In a new case highlighting the apparent brutality of judgements handed out by ‘secret’ British courts, a 71-year-old grandmother has been jailed for refusing social workers’ demands to bring her 80-year-old brother back to UK from an Algarve care home.
As the Daily Mail explains, details of this case were only made public this week – nearly two months after septuagenarian Teresa Kirk was handed a six-month jail sentence.
The presiding judge “conceded” that Mrs Kirk’s refusal was based on “deeply held sincere beliefs” that her brother was and is happy in the care home that she chose for him.
He suffers from dementia and has already been deemed not to have “capacity” to make decisions about his residence and care, says the paper.
Mrs Kirk took the decision to move him to Portugal “to protect his interests”, despite the fact that social workers felt these would be best protected by remaining in a care home in South-West England.
The Daily Mail adds that it is not able to “name the elderly man, or to describe his relationship to Mrs Kirk.
“Even the name of his cat cannot be published for legal reasons” in UK.
The Resident only learnt of the relationship of Mrs Kirk to the man elsewhere described as MM from a concerned reader.
According to news stories, MM was born in Madeira but settled in Devon as many as 50 years ago.
“When his health began to decline because of dementia in 2014, Mrs Kirk moved him into her home in Sussex. After social workers said he should live in a care home, she travelled with him to Portugal instead”, says the Mail.
In 2015, Mrs Kirk refused to comply with the first court order insisting on her brother’s return to UK.
The Mail explains that in the intervening time, her brother’s health has declined and he is now in a care home in the Algarve.
In June this year, Mrs Kirk was faced with a second court order, “but the managers of the Portuguese care home refused” to allow MM to leave “without the permission of Mrs Kirk”.
“After she failed to yield to the court, Mr Justice Newton said he had ‘no alternative’ but to jail her”, continues the Mail.
“He said at a hearing made in August but unpublished until now: ‘I acknowledge that she has deeply held, sincere beliefs as to the best interests of MM and is genuinely concerned about his welfare.
“[But] I have reluctantly concluded that … I am left with no alternative but to pass a sentence of imprisonment, however much I have made it perfectly clear that I do not wish to do so.”
Mrs Kirk, who has a daughter and four grandchildren who she regularly cares for, is understood to have been given a last chance to change her mind after her sentencing, said the Mail. “She refused, and was arrested at her home in Sussex a fortnight ago” for contempt of court.
Her former husband Chris Kirk said Mrs Kirk called him at 11pm on the night of her arrest “to say police were knocking at her door”.
“After that she simply disappeared,’ he told the Mail. “I could not contact her. I asked the police if they could tell me what had happened, but they said they had no information and if I was worried I should report her as a missing person.”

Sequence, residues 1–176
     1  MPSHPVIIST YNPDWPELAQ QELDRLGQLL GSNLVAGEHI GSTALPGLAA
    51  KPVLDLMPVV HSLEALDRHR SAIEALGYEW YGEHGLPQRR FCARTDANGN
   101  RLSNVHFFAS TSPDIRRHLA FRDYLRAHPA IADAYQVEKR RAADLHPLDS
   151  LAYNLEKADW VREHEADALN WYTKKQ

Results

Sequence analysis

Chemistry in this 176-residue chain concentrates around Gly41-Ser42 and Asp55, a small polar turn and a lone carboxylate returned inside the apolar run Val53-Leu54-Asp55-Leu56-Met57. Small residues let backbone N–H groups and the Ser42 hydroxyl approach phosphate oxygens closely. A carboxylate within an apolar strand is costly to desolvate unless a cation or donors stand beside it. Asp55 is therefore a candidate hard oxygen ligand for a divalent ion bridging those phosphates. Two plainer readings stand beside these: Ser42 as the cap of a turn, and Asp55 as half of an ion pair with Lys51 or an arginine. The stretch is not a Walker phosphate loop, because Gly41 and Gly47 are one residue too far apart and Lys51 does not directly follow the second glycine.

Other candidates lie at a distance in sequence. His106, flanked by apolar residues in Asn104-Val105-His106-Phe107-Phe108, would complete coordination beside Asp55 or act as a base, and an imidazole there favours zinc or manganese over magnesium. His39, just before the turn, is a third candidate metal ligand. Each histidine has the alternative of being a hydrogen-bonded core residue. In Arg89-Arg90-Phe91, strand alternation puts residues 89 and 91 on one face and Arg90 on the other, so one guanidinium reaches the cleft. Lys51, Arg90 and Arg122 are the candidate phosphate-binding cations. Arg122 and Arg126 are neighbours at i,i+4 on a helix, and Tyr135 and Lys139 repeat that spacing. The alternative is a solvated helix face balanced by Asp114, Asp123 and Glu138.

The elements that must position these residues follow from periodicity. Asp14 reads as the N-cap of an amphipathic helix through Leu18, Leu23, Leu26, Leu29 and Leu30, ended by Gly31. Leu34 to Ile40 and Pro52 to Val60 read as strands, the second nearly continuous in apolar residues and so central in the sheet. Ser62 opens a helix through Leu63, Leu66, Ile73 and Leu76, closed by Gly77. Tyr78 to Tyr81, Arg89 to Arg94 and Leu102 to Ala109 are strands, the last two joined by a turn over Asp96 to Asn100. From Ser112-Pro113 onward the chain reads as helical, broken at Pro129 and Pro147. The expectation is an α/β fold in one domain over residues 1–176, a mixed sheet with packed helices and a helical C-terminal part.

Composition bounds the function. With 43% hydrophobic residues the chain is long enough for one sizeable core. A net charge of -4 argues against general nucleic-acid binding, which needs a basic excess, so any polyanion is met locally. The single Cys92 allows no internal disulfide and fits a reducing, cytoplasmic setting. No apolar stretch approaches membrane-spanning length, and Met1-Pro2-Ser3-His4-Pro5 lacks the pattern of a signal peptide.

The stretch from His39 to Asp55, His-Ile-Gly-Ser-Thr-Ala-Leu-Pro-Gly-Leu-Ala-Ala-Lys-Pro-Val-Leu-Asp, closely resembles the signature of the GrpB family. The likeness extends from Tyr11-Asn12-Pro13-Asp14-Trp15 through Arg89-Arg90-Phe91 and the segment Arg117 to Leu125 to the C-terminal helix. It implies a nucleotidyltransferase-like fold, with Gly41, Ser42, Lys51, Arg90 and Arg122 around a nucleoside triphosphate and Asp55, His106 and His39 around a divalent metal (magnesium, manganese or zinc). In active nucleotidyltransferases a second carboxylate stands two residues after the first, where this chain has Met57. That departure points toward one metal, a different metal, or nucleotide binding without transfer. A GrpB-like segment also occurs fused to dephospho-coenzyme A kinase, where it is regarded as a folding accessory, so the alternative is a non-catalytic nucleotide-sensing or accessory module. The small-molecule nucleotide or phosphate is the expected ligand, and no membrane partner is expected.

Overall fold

With other news sources picking up the story, John Hemming, the former Liberal Democrat MP who has been campaigning against secret British courts, saying they are “stacked heavily against individuals and in favour of local authorities” told ITV: “What is very important about this case is the public have no idea as to the validity of the reasoning for the court order. I have a better understanding – and in my view it stinks.
“This would be wrong if (Mrs Kirk) was 25, but she is 71, and has been imprisoned for six months.
“I have been worried by secret imprisonments for some time”, he said.
“In this case, the judgement was held back from publication until some weeks after she was sent to jail”.
The Mail quoted former pensions minister Baroness Altmann as saying Mrs Kirk’s jailing was ‘cruel and unnecessary’.
“How can it be right when you are trying to do your best for a loved one for the courts not to understand and respond with compassion?” she told the paper.
“This is someone who has been doing her best in the face of a social care system which is in absolute crisis.”
This is a story that will create yet more controversy in Portugal as lawyers here are demanding answers over the number of Portuguese parents who have lost children to the British care system (click here).
National tabloid Correio da Manhã has already picked it up, revealing that Mrs Kirk and MM had sold the property in which he lived in the UK. “The money was going to buy a larger house in Portugal, but a denouncement led the municipality of Devon to block the deal and freeze the elderly man’s assets, in April 2015”.
Devon County Council told reporters that “any decision regarding where a vulnerable adult should live is entirely a matter for the Court of Protection”.
This court was set up under Tony Blair’s Mental Capacity Act, adds the Mail, “to decide the affairs of people who cannot make decisions for themselves”.
But Mrs Kirk’s defence counsel has told CM that MM is not simply “happy and close to family” in the Algarve, he is “very fragile, and any move could cause his death”.